Searching for Mentors …in Sweden?
In my last main post I talked about my desire to look for and work with mentors around me. As I mentioned in my shout out to Corey, I met a lot of amazing people when I was down in Florida visiting Hashrocket and attending BizConf. Among them was a fellow from Sweden by the name of CJ Kihlbom. He told me he ran a Rails shop in Gothenburg and seemed to be on the same page as me as far as development practices and all that. Of course, whenever I get the chance to hang out with people from other countries, I invariably ignore our common professional interests in order talk their ears off about travel, politics and food. I then summarily invite myself to visit their country with them as native sherpa, yespleasethankyouverymuch.
Unlike most people, who brush me off as the crazy person I (however accurately) appear to be, CJ actually went along with my scheme. A month or two later I contacted him to find out when would be a good time to visit for a few days and he said, “How about next week?”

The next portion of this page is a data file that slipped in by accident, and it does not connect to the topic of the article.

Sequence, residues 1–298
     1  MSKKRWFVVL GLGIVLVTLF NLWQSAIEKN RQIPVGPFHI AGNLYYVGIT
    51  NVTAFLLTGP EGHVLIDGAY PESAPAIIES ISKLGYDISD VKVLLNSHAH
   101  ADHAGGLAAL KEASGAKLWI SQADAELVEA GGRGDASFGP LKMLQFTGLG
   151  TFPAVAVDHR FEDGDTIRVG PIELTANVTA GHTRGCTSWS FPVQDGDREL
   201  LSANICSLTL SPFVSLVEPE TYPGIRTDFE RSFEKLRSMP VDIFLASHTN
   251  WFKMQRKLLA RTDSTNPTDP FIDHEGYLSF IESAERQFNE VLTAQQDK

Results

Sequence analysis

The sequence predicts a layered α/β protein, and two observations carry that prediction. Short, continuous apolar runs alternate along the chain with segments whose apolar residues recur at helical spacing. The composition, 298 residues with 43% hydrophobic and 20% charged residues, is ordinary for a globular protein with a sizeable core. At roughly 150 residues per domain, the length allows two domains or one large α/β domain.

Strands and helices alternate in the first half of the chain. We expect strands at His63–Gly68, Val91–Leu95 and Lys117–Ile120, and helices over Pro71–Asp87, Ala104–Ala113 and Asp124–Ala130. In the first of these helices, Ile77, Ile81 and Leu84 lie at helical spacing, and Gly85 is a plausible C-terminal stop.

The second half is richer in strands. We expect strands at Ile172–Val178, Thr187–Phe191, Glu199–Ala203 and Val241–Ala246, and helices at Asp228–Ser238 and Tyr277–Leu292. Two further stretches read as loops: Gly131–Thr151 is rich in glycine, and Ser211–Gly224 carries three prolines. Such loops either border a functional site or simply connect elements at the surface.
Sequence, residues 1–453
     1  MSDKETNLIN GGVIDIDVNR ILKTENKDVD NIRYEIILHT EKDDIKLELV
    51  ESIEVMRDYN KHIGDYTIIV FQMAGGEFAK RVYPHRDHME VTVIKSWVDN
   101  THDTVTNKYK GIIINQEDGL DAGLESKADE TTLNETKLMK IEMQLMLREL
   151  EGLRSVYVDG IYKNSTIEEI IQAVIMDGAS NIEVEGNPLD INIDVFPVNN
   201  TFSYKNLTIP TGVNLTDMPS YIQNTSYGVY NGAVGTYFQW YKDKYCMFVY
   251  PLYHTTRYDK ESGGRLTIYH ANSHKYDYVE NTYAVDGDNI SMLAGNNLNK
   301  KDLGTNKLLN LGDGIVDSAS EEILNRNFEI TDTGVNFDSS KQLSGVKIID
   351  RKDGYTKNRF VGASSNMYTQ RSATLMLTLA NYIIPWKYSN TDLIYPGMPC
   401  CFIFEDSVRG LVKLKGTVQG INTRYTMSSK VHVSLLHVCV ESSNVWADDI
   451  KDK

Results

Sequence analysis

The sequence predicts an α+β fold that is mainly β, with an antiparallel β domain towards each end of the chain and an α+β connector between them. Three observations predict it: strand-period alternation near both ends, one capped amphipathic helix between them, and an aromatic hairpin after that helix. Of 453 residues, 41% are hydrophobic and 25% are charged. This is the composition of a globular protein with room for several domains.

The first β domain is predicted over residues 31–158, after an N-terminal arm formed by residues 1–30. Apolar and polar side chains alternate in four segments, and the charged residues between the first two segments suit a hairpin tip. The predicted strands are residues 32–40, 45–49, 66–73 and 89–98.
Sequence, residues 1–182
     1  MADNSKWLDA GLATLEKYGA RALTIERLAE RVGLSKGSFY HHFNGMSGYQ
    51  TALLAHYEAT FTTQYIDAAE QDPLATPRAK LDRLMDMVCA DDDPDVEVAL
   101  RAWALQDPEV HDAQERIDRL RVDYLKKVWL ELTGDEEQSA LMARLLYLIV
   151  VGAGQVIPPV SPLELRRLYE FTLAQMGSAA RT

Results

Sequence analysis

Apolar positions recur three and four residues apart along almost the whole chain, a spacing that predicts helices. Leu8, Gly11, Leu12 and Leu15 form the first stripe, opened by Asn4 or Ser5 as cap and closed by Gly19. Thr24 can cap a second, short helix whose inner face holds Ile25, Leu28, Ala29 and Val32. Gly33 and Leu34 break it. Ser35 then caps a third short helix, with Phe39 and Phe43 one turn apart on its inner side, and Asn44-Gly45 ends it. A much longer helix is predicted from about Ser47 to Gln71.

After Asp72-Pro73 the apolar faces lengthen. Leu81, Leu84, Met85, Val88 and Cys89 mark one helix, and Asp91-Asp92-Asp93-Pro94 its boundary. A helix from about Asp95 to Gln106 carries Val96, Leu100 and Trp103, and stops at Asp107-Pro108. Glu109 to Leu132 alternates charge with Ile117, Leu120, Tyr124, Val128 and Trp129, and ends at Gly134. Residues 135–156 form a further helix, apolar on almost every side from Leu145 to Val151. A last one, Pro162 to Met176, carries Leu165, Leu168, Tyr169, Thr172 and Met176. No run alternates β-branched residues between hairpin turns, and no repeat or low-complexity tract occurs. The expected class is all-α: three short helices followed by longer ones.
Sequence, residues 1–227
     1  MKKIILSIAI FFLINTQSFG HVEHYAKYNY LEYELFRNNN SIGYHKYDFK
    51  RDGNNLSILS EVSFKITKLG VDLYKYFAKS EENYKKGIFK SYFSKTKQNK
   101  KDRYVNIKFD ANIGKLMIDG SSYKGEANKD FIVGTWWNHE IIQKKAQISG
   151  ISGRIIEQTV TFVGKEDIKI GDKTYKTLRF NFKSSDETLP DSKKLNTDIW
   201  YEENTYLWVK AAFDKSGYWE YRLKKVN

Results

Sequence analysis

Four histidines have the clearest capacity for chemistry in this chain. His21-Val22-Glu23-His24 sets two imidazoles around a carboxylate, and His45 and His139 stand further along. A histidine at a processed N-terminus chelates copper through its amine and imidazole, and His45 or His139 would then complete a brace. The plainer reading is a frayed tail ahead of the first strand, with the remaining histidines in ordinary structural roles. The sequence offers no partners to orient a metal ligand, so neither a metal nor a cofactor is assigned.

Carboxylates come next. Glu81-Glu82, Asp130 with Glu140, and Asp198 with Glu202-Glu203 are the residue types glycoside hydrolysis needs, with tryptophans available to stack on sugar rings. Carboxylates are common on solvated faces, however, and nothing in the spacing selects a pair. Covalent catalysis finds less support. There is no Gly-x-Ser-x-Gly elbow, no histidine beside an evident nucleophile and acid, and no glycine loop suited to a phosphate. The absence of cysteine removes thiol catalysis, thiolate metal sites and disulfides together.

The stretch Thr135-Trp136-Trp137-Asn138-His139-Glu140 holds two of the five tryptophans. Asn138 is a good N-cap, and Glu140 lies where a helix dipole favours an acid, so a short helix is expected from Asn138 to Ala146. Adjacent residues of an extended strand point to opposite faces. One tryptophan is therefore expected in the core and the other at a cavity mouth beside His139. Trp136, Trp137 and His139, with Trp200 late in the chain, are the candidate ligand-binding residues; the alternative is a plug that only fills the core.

“…uh, next week?”
“Yeah,” and then against his better judgement, “and how about you stay for a couple of weeks. We have some contract work available. Can you take the time off?”
Two weeks later I was on an Air France plane to Gothenburg.
I write this as I finish up my last week working at his company eLabs. It’s been all Rails, all TDD, all pair programming, all the time. And it’s been fantastic. CJ has been amazing to hang out with and work for, and I was also elated to find that he has a stellar team of developers and designers.
They run a tight, agile shop *and* make it look effortless. That is the part that really gets me. Everyone is dedicated to an Agile process and takes real pride in having a craftsman’s discipline. However, they aren’t obsessed with the details of a methodology. They don’t run around going crazy with burndown charts, kanban boards and ScrumMaster certifications. Instead, their project management tools are the simple, inexpensive, well-built tools like Campfire, Pivotal Tracker and Harvest. Their storycarding planning sessions are straight forward, relaxed and without ceremony – although occasionally a bit hard to understand for the non-Swedish-speaking amongst us.
It’s a no-BS approach that I love. Besides the huge amount of Rails and testing knowledge that I’ve picked up from the devs here (thanks in large part to Jonas Nicklas), I’ve seen how at least one company can adopt Agile & XP practices without making a big production of it.